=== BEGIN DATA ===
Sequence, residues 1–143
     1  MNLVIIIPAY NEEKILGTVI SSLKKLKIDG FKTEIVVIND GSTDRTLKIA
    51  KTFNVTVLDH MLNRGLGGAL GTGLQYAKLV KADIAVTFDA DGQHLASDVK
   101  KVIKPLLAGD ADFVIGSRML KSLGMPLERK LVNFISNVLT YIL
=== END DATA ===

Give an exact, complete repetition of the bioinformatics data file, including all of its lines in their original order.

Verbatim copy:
Sequence, residues 1–143
     1  MNLVIIIPAY NEEKILGTVI SSLKKLKIDG FKTEIVVIND GSTDRTLKIA
    51  KTFNVTVLDH MLNRGLGGAL GTGLQYAKLV KADIAVTFDA DGQHLASDVK
   101  KVIKPLLAGD ADFVIGSRML KSLGMPLERK LVNFISNVLT YIL